3.5. yaVDR services

The proper function of yaVDR requires certain programs to run in the background (as services). Others are only required temporary, e.g. to run a program with certain priviliges.

3.5.1. Upstart

Upstart is one of the most important system services in yaVDR. It is responsible to start other programs. This is e.g. the VDR itself, but also services for the remote control, for openbox, and many more.

The command below prints a list of entries that are maintained by Upstart: 

initctl list

The following commands control services. They may get important if you like to change your system manually: 

sudo start <service>   1
sudo stop <service>    2
sudo restart <service> 3
sudo status <service>  4


starts a service


stops a service


restarts a service (usually an acronym for stop followed by an immediate start)


displays the status of a service (whether or not it is active right now)


The following examples explain how to control services in yaVDR. They can be easily tranferred to other services like e.g. openbox, vdr-frontend or lircd.

starts VDR. 

sudo start vdr

stops VDR. 

sudo stop vdr

restarts VDR. 

sudo restart vdr

displays the status of the VDR service. 

sudo status vdr

starts eventlircd. 

sudo start eventlircd

stops eventlircd. 

sudo stop eventlircd

restarts eventlircd. 

sudo restart eventlircd

displays the status of the eventlircd service.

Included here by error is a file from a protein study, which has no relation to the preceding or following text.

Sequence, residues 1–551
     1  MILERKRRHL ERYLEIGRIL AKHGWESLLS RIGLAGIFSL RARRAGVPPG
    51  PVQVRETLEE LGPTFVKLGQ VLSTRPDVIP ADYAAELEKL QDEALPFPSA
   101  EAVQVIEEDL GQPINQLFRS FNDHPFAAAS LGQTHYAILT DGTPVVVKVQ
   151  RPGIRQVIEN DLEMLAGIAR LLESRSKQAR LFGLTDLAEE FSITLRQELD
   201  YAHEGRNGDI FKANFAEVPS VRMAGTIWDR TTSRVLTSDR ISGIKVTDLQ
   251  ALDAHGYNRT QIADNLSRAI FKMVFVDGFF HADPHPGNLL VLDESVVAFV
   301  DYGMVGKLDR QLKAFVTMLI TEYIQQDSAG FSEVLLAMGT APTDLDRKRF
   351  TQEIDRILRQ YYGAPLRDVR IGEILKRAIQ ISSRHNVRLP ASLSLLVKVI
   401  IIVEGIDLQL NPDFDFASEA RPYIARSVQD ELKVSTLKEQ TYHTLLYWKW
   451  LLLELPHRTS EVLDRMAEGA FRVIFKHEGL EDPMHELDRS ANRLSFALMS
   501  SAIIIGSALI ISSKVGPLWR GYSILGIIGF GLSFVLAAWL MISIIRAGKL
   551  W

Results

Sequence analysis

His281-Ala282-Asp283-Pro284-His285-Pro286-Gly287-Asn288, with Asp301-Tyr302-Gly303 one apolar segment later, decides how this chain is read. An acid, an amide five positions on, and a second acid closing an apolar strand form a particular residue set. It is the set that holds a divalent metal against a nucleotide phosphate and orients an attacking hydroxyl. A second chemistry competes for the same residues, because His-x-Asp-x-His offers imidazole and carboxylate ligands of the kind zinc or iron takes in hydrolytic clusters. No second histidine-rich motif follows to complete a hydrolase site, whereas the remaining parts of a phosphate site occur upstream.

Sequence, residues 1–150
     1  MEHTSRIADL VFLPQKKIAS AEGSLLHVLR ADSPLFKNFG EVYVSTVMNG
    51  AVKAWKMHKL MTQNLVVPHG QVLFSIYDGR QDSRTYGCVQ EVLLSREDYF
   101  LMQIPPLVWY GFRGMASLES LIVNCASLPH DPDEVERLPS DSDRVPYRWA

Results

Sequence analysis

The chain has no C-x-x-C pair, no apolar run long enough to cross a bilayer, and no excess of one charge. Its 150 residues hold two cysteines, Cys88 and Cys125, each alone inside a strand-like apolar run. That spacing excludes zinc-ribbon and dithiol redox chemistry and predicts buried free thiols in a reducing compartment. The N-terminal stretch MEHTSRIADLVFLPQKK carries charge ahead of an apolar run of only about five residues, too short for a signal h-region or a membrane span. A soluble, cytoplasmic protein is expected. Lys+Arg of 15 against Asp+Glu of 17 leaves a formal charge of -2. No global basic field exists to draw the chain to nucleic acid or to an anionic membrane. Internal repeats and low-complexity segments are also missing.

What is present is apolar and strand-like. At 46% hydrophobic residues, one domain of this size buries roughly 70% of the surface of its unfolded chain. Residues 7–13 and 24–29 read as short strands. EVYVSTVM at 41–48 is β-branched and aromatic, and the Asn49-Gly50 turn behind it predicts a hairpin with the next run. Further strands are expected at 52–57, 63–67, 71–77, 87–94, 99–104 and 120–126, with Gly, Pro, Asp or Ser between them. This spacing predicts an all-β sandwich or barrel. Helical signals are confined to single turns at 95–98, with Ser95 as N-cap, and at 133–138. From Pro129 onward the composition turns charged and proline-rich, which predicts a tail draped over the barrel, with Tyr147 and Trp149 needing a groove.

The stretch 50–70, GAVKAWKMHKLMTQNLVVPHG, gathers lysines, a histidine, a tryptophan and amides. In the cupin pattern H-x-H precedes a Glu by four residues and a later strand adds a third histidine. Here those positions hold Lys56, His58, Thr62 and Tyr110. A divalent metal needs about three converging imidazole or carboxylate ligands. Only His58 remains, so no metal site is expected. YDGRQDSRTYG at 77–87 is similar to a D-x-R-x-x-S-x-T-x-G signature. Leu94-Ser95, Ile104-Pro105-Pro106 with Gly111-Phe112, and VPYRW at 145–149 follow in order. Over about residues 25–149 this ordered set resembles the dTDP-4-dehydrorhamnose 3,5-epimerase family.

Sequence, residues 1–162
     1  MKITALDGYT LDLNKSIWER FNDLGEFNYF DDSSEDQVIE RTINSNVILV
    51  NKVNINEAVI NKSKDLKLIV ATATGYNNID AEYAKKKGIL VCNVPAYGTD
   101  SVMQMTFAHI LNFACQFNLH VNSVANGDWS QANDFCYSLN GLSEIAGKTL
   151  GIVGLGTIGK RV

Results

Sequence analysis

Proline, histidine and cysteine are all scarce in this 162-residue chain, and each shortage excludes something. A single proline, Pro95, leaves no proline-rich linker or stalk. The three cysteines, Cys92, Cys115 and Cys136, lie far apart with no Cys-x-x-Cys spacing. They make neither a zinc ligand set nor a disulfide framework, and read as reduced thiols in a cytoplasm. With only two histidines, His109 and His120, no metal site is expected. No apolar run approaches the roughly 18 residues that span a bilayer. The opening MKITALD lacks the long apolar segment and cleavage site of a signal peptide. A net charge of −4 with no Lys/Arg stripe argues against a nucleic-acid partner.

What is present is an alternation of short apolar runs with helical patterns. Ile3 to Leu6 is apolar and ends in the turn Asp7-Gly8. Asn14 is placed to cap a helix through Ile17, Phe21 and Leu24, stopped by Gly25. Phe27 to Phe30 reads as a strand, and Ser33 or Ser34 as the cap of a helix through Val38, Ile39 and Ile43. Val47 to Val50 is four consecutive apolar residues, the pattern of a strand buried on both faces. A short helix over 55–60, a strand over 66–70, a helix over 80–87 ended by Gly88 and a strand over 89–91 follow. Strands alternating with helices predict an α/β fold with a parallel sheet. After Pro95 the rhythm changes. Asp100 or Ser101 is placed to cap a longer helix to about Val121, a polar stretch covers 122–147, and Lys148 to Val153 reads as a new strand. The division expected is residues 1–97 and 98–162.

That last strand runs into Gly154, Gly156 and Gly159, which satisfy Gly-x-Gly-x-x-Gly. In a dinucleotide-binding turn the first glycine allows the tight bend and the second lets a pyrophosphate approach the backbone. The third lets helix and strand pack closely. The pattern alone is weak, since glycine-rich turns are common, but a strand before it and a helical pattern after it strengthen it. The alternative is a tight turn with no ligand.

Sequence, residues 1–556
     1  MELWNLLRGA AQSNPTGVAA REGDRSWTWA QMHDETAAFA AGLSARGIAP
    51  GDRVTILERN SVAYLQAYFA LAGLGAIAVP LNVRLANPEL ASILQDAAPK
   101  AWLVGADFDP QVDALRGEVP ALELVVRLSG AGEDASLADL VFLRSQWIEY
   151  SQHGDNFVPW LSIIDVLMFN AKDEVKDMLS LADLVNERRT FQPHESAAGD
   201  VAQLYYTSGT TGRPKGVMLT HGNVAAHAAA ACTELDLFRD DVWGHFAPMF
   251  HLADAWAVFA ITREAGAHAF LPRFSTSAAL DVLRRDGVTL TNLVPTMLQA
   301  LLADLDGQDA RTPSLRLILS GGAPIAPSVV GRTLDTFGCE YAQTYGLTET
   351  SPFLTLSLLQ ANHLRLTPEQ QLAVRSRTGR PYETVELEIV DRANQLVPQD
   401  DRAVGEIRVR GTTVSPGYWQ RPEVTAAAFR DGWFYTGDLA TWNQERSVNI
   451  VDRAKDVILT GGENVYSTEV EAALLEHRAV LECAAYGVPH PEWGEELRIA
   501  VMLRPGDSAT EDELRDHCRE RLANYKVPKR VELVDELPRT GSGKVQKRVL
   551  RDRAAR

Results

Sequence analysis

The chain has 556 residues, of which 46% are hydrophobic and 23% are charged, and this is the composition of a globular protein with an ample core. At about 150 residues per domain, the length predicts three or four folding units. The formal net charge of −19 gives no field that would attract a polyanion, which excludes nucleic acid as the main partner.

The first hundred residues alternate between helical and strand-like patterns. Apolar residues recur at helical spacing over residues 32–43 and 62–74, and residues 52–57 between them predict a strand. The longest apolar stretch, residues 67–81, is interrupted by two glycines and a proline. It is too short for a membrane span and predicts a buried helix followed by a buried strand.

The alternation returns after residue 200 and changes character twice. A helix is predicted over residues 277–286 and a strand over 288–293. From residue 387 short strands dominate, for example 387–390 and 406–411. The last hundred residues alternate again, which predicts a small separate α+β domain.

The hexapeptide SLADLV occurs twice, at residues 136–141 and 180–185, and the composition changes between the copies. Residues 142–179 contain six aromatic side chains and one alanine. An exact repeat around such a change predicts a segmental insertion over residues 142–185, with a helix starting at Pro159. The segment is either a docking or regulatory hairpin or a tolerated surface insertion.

sudo status eventlircd

3.5.2. NFS

yaVDR comes along with a pre-configured NFS server that publishs the multimedia directories to the network. In addition, they will be announced via Avahi. This allows another computer with yaVDR 0.5 via the integrated Avahi mounter to e.g. identify all recording directories of all computers with yaVDR >= Version 0.4 in your network and link them to the correct location.

The Avahi mounter can also mount directories from NAS or other computers. All you need to do is entering the path to the network share in the Web Frontend and saving the configuration. After a reboot, this new network share should be mounted automatically.

Further directories can be shared via the /etc/exports configuration file. The Ubuntuuser wiki hosts a great article about NFS, which explains it well also for beginners.

3.5.3. Samba

Samba replicates the printer and file system shares that are known from Windows. This protocol is well supported in nearly all operation systems. Thus, it is well suited to access the multimedia directories of the yaVDR from Windows, OS X or Linux systems.

The configuration files are located in /etc/samba/smb.conf. The pre-defined shares of the yaVDR are tied in (via "include" lines):

  • /etc/samba/smb.conf.yavdr.audio for audio files
  • /etc/samba/smb.conf.yavdr.custom for user-defined shares
  • /etc/samba/smb.conf.yavdr.picture for pictures
  • /etc/samba/smb.conf.yavdr.recordings for recordings
  • /etc/samba/smb.conf.yavdr.video for videos

You can specify your own, additional share in the smb.conf.yavdr.custom file. How the entry needs to be speficied and which options are available is described in the wiki articles for the Samba server and for smb.conf configuration file at http://www.ubuntuusers.de.